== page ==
Here are five insights we found interesting:


Streaming is King: Streamed programming is the most frequent viewing choice for 58% of Millennials – more than double the 28% who most often watch cable or satellite TV. There’s a substantial drop-off for cable/satellite viewing among Millennials who haven’t yet turned 30. Only 18.5% of this younger group say cable/satellite TV is their first choice, compared to 37% of Millennials ages 30 to 36. 78% of all Millennials consider a paid streaming platform their first or second choice when watching television, with 76% saying they are streaming more from paid services than they did a year ago. But most Millennials haven’t cut the cord on cable entirely: 64% of those who no longer live with a parent still subscribe to cable or satellite TV.


Binge Watching is Huge: By nearly four to one (78% to 22%), Millennials prefer a television series to be released all at once, rather than having to wait for a weekly episode over the course of a season. And 68% said they had binged on TV during the past month; 53% during the previous week. Across every grouping – sex, age bracket, race-ethnicity, and income level – U.S. Millennials are united in their eagerness to binge on TV shows.


Music Downloads are Going Mobile: More than half of Millennials (56%) said they had downloaded music to a mobile device within the past month, surpassing the 43% who’d downloaded tunes to a desktop or laptop. African Americans were especially active downloaders, with 69% saying they’d downloaded music straight to their mobile in the past month, and 53% downloading to a PC. Downloads for Caucasians were 55% mobile and 38% PC; Hispanics/Latinos went 57% for mobile and 46% for PCs.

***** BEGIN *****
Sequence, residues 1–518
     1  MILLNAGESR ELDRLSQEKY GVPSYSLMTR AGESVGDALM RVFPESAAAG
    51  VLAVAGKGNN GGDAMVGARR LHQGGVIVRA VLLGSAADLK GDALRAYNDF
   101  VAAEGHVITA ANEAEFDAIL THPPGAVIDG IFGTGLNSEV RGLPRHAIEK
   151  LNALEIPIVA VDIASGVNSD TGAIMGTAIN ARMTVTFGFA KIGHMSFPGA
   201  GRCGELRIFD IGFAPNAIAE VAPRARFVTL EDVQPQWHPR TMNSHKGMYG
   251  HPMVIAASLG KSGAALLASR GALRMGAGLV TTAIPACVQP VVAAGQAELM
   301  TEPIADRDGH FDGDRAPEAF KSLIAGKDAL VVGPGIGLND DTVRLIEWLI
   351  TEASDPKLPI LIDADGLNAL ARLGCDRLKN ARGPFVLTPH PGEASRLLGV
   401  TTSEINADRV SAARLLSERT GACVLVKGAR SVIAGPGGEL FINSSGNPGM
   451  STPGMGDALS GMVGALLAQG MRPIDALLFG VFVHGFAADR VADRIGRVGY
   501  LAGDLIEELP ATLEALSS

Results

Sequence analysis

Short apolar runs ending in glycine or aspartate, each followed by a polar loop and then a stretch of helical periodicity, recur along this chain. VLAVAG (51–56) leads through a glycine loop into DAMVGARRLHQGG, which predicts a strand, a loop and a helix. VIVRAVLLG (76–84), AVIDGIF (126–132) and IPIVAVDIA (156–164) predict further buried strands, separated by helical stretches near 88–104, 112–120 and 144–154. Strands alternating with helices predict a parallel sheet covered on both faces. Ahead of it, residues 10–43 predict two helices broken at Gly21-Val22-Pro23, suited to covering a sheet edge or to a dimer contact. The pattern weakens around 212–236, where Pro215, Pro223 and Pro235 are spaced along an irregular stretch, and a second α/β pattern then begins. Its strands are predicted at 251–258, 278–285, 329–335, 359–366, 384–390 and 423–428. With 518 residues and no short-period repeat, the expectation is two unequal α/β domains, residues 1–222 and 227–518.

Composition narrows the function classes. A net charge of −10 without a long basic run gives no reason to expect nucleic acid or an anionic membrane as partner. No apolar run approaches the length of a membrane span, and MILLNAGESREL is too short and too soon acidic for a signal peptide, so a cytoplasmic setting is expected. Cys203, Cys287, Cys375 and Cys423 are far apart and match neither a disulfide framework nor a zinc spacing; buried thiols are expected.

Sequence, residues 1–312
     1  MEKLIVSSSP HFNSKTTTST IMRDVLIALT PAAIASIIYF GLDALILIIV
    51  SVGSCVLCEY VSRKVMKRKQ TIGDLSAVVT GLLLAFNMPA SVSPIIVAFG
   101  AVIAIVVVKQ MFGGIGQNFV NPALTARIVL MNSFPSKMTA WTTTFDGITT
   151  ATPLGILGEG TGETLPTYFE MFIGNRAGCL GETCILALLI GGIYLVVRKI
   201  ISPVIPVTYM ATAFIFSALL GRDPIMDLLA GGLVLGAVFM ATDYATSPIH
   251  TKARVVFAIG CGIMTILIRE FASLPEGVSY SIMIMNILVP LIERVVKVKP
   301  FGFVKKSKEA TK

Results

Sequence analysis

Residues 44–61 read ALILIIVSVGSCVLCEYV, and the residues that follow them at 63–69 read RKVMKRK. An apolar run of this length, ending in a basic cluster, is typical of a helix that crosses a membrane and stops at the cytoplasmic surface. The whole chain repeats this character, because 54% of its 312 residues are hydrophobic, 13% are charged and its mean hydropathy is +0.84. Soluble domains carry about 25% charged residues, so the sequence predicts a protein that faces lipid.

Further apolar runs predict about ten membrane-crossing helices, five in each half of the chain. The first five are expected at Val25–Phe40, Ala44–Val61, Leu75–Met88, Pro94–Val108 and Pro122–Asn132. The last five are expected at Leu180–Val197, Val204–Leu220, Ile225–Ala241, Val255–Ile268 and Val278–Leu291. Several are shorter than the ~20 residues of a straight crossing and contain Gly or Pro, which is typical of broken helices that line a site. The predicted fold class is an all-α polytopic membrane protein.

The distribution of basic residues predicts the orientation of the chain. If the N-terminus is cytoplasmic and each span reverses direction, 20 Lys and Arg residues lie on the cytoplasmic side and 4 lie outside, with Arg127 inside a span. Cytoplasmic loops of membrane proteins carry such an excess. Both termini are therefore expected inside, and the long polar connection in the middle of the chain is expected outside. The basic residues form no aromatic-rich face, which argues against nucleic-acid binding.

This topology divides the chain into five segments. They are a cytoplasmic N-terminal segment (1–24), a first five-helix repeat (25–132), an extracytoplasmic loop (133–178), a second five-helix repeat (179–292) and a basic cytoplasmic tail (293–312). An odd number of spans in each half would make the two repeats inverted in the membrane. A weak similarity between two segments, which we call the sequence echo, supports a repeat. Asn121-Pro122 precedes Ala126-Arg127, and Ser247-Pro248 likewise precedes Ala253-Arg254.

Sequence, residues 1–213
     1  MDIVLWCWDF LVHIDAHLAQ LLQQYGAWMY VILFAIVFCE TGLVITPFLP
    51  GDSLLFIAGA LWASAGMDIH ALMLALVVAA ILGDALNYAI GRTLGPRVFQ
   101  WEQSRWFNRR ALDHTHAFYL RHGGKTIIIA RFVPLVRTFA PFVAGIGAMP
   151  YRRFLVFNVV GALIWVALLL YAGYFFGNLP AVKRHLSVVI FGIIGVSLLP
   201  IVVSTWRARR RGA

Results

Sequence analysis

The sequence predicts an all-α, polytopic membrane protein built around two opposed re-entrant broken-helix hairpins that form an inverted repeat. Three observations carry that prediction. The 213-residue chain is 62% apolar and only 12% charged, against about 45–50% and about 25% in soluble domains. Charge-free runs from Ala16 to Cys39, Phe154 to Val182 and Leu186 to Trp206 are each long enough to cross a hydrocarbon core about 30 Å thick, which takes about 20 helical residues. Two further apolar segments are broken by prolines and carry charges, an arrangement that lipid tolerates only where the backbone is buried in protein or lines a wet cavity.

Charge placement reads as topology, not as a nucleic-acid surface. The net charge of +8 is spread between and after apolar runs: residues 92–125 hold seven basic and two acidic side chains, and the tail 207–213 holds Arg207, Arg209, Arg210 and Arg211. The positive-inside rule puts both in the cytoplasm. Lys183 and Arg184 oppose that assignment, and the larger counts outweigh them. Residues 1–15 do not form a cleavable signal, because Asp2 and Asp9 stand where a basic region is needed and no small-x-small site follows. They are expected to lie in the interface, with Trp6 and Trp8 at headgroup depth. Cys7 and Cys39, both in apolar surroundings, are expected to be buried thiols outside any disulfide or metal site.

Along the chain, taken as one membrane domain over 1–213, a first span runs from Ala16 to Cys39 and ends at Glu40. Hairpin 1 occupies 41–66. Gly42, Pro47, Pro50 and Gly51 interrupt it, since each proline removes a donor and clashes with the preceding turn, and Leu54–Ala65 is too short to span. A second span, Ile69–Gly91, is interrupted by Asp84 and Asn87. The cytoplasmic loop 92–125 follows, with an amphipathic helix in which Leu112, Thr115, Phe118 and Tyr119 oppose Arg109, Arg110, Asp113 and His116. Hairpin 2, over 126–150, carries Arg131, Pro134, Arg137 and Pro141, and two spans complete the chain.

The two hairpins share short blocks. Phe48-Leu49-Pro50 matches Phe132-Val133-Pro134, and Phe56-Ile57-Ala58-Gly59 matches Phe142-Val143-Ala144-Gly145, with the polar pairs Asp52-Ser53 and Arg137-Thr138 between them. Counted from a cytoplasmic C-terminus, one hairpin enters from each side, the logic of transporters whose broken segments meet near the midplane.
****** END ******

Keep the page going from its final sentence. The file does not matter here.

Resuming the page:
Opting Out of Going Out: Fewer than half of Millennials (43%) said they had been to a movie theater in the past month, and 17.5% had been to a live concert. 40.8% hadn’t been to a live concert in the last 6 months, and an additional 15% had never experienced a concert.


Viewing on Smartphones is 2nd Only to TV: 91% of Millennials said they access entertainment on a television screen, with mobile phones second at 73%. Desktops and laptops were third at 63%, and 47% watch or listen on tablets. The youngest Millennials, ages 18 to 24, show  a preference for watching on smartphones – 74%, vs.  69% for respondents 25 and older. There’s also an intra-generational difference for TV screens, used by 89% of the youngest group and 93% of 25 and overs.


For a look at our entire Millennials survey, visit:


Username: MillennialCaseStudy

Password: MFourMillennials


MethodologyUsing MFourDIY, the market research industry’s first all-mobile, do-it-yourself platform for designing and carrying out studies, MFour fielded a 30-question survey on Sept. 10 to Millennials who make up about 60% of its million-member active panel, all of whom participate in research via the Surveys on the Go® app for smartphones and tablets. Fielding time was less than two hours for 1,000 validated responses.


Responses reflected U.S. Millennials’ demographic profile: 50% male, 50% female; 56% Caucasian, 19% Hispanic/Latino, 14% African American/Black, 5% Asian, 1% each for Middle Eastern, Pacific Islanders and Native Americans/Alaskans; 3% Other. Age brackets were 18-24 (36%), 25-29 (31%) and 30-36 (33%). The study also segmented respondents by whether they were parents of children under 18, their type of work (full-time blue collar and white collar, part-time, unemployed), and their income (six brackets from $25,000 or less to $100,000 or more).

Topics: MFour Mobile Research, mobile insights, african americans, latinos, News, MFour Blog, millennial insights project, millennials, hard to reach